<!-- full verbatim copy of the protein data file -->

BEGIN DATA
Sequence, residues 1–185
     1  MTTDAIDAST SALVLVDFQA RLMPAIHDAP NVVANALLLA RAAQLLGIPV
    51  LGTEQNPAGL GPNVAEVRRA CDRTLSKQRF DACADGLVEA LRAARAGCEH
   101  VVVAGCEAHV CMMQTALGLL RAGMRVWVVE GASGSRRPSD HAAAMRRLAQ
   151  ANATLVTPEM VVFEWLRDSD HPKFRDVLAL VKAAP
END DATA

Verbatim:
Sequence, residues 1–185
     1  MTTDAIDAST SALVLVDFQA RLMPAIHDAP NVVANALLLA RAAQLLGIPV
    51  LGTEQNPAGL GPNVAEVRRA CDRTLSKQRF DACADGLVEA LRAARAGCEH
   101  VVVAGCEAHV CMMQTALGLL RAGMRVWVVE GASGSRRPSD HAAAMRRLAQ
   151  ANATLVTPEM VVFEWLRDSD HPKFRDVLAL VKAAP